I've been using PowerShell a bit recently and I like this alot, very cool...
What do you think the following post from ADO.NET team blogs says?
Back in April this year I gave a talk on SQL Server 2008 and one of the aspects I covered was the Entity Framework. It was hard to say at that point what the impact of the Entity Framework was going to be. It just seemed to be important.
Many thanks to Andy Westgarth for organising a very interesting talk on OpenXML, given by Craig Murphy yesterday. Craig gave an excellent introduction to Open XML file formats in general and specifically the Open XML Format SDK 2.0.
I've been working recently on a project migrating SharePoint 2001 Portals to MOSS. The project has had some tight deadlines, hence the absence of posts. I've used PowerShell to deploy and customise the sites. I'll try and post about my experiences using PowerShell with SharePoint.
I've recently written an ASP.NET web application to programmatically execute SQL Server 2000 DTS packages and jobs and report on the outcome. I should really have the link below bookmarked given the amount of times I've used it.
Feature Pack for Microsoft SQL Server 2005, February 2007
I'm heading over to Newcastle for the SharePoint User Group tonight.
It's a whiteboard session on MOSS Architecture.
Newcastle SharePoint User Group
Hope to see you there if you are going.
Big thank you to John Timney (Cap Gemini), Brian English (Cap Gemini) and Phil Hunter (BT) for an excellent user group meeting. There was a mix of people from different industries, lots of round table discussion and good information shared.
I'm currently implementing an intranet/extranet MOSS architecture for 4500 users and found the whiteboard session invaluable.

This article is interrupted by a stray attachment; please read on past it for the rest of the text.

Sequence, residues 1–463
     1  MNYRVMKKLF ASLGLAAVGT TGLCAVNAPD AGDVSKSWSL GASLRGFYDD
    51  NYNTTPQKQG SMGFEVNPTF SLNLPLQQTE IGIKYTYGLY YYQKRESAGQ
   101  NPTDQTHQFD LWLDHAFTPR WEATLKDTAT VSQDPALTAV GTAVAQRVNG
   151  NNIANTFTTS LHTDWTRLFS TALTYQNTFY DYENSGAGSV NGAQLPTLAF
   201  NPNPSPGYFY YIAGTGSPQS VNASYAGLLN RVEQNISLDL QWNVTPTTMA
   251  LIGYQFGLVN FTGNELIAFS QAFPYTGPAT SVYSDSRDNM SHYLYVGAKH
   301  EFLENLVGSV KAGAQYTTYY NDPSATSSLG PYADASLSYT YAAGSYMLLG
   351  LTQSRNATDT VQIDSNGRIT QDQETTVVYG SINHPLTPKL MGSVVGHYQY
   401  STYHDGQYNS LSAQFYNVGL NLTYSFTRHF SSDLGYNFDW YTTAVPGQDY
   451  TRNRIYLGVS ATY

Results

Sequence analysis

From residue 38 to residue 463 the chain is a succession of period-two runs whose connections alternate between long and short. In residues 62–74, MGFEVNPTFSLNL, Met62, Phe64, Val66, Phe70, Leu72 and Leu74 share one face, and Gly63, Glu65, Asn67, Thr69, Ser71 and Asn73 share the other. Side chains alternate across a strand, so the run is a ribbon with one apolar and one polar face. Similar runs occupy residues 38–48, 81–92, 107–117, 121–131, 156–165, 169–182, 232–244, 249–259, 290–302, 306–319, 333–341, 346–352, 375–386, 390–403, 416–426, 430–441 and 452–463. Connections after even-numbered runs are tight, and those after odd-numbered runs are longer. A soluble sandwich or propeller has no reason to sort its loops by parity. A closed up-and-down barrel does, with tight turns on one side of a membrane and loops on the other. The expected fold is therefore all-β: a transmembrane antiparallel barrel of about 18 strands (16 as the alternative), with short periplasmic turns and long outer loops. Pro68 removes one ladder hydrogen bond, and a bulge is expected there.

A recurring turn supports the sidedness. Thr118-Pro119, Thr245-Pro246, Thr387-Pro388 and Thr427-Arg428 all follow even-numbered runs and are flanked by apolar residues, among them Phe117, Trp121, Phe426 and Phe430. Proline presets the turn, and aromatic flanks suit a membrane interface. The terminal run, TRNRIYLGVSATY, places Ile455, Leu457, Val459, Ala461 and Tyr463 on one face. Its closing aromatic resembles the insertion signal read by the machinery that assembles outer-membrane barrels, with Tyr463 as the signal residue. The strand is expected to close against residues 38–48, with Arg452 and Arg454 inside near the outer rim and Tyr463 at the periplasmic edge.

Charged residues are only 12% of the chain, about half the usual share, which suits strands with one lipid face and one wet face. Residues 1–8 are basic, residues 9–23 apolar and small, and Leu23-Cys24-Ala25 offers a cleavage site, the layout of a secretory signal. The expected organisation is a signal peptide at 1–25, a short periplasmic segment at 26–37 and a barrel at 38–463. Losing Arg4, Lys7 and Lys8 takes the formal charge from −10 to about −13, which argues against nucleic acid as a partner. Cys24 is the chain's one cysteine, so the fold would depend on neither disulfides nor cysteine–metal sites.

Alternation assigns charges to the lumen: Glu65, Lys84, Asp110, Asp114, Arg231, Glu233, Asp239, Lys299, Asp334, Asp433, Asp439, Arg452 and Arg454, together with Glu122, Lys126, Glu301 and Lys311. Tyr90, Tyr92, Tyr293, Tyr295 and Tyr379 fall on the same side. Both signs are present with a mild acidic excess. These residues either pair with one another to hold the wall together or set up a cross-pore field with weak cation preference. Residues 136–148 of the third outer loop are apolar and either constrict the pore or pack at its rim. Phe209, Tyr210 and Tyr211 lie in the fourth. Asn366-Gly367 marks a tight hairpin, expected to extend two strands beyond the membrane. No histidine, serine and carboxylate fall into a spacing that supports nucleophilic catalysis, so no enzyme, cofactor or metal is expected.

Once again, many thanks.
Working with SharePoint, sometimes you just have to install assemblies to the GAC. An example of this I have had to deal with recently was writing a webpart to access methods in the UserProfileManager class.
Debugging GAC installed assemblies can be a bit frustrating, hopefully the following steps will make it alot easier and obvious....
1. Install the assembly into the GAC
2. Map a drive using SUBST to %SYSTEMROOT%\assembly
SUBST maps a drive to a path - http://www.microsoft.com/technet/archive/msdos/07_refer.mspx?mfr=true
A mapped drive does not use the Assembly Cache Viewer and will show you the true folder structure.
3. Locate and open the GAC_MSIL folder in the mapped drive
4. Locate and open the folder containing your assembly. The name of the folder is the same as the assembly name.
5. Copy the pdb (program database) file from your project build folder to your assembly folder in the GAC. Because you have mapped a drive to %SYSTEMROOT%\assembly you should be able to do this easily with Windows Explorer.
6. Do an iisreset /noforce (this is not really required but usually helps - general rule of thumb for working with SharePoint).
7. Go to Visual Studio and attach the debugger to the w3wp.exe (remember there may be more than one depending on how many app pools you have).
You should now be able to hit the breakpoints you have set.
I'm presenting tonight on SQL Server 2008, along with Rik who is presenting on Windows Server 2008 and Richard who is presenting on Visual Studio 2008.
VBUG Newcastle: VS2008, SQL Server 2008 and Win 2008 Launch Event
Hope to see you there.
17. March 2008 14:09
I'm going, are you?
This is a community event, by the community for the community.
Get yourself there, registration is now open.
As Ferris Bueller said "Life moves pretty fast".
Silverlight 1.0 was released last September, the first public beta of Silverlight 2.0 ain't that far away...check out Scott Guthrie's blog post here.